Peloton music library class action fails because consumers probably didn’t see the claim

Passman v. Peloton Interactive, Inc., 2023 WL 3195941, No. 19-cv-11711
(LJL) (S.D.N.Y. May 2, 2023)

Interesting discussion of the way in which the objective
reasonable consumer standard allows consumers classes to bring certain probabilistic
claims, where some consumers might have different interpretations, although the
court ultimately denies certification because of damages/price premium issues.

Plaintiffs’ claims under New York law were based on the
offer of an “ever-growing” or “growing” library of live and on-demand studio
classes, which offer was allegedly false because a bunch of classes were pulled
from the library because of unlicensed music use. After it was sued in 2019, Peloton
removed approximately 6,500 on-demand classes from its library, leaving
approximately 7,000 classes available to its members.

The court initially held that problems with plaintiffs’
expert’s conjoint damages model went to weight rather than admissibility, since
it was a model that was consistent with their theory of liability.

Materiality and falsity were common questions subject to an
objective inquiry into how a reasonable consumer would react. Peloton argued that
there was too much variation in how, when, and why consumers bought subscriptions.
“Defendant’s argument confuses the question of whether a reasonable consumer
would likely be misled by an allegedly false advertisement with the separate
question—relevant where reliance is at issue—of whether an individual consumer
was misled by the advertisement….  The
inquiry demands an objective analysis of the understandings a reasonable
consumer would draw from a challenged statement, not the significance of that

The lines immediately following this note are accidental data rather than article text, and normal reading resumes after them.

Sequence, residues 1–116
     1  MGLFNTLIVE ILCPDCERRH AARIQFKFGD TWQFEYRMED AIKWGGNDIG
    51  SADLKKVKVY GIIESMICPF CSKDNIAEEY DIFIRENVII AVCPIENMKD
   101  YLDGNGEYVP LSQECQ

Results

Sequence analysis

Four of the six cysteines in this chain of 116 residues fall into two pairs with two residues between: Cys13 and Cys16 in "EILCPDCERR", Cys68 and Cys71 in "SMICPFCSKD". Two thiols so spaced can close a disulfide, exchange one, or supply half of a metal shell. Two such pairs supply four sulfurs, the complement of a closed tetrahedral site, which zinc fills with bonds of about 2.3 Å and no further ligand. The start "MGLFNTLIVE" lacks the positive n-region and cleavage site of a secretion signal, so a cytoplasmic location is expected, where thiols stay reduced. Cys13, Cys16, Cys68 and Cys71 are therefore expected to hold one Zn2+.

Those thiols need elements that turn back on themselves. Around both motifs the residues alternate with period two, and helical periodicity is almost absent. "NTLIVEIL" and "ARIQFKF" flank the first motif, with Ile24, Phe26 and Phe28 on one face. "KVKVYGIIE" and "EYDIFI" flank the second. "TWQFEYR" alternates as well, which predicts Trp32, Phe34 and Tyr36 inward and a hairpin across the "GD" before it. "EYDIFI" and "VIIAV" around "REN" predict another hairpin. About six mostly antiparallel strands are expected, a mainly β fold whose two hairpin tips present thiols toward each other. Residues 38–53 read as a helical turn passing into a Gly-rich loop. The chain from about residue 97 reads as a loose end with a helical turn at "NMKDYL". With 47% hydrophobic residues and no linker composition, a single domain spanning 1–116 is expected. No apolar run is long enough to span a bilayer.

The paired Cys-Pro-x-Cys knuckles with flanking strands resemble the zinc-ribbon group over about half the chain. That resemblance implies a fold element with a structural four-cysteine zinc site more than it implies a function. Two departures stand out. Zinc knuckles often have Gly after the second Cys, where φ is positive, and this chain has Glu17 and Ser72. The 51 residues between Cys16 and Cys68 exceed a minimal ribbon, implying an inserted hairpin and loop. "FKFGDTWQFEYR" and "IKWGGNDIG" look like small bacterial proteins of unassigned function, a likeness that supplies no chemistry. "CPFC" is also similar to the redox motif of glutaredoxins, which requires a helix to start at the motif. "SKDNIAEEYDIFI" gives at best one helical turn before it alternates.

challenged statement to an individual consumer’s purchasing decision.” While
context is relevant to that, it’s ad context, not any possible context:

[W]hat is relevant to the analysis
is not the number of products purchased, their exact identity, or the
circumstances under which they were purchased; what matters is the nature of
the allegedly false statement and how consumers interact with the false
statement and therefore understand it. Thus, courts generally have no
difficulty finding named plaintiffs typical of a class so long as the
challenged statement is consistent across the class.

Peloton also argued that falsity wasn’t a common question
because there wasn’t 100% agreement in plaintiffs’ survey on the meaning of “ever-growing”—the
survey found that only 76.5% of respondents thought that “ever growing” meant
“increase over time.” But misleadingness is an objective inquiry. “Evidence
that actual consumers, in fact, interpreted the challenged statement in line
with ‘the plaintiffs’ proffered theory of deception’ is relevant to, and may be
necessary for, the ultimate conclusion that a reasonable consumer would have
been deceived.” But  “the fact that
consumers may have interpreted the statement differently does not preclude
certification.” Differences in understanding might bear on injury, but falsity
itself “cannot differ from case to case or be based upon whether the case is
prosecuted on an individual or a class basis; it turns upon an objective
analysis that applies across cases.”

Nonetheless, because causation, injury and damages weren’t
common among the putative class members, individual questions predominated and
a Rule 23(b)(3) class couldn’t be certified. The evidence submitted didn’t show
a price premium or propose a methodology which could be used to demonstrate a
price premium.

Peloton presented affirmative evidence that there was no
price premium and “compelling evidence” that plaintiffs failed to carry their burden
on predominance. The challenged claim wasn’t on a product label or package:

[N]o purchaser of a Peloton product
need have been exposed to the Challenged Statement and the evidence suggests
that many of the purchasers were not exposed to the Challenged Statement. The
Challenged Statement did not appear in every Peloton advertisement and did not
appear on all of Peloton’s marketing materials. Rather, the Challenged
Statement appeared in a relatively small subset of Peloton’s advertisements, and
did not appear in any television advertisements, which represented Defendant’s
largest advertising channel during the Class Period. The Challenged Statement
also appeared on only four of the 269 pages of Pelton’s website, the primary
place where consumers purchase Peloton products.

Even when it did appear, the claim wasn’t alone or the most